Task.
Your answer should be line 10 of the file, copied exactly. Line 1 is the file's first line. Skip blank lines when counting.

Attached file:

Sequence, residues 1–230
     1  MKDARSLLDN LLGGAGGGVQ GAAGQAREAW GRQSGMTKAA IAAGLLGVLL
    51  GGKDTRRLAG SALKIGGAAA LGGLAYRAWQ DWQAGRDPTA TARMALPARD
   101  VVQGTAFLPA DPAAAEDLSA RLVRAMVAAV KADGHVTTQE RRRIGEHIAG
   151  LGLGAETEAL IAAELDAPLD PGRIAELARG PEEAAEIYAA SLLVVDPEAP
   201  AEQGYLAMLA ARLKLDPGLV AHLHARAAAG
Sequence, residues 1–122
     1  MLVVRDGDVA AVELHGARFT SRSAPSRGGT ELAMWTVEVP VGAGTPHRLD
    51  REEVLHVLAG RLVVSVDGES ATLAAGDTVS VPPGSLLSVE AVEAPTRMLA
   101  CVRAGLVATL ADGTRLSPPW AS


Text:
   101  CVRAGLVATL ADGTRLSPPW AS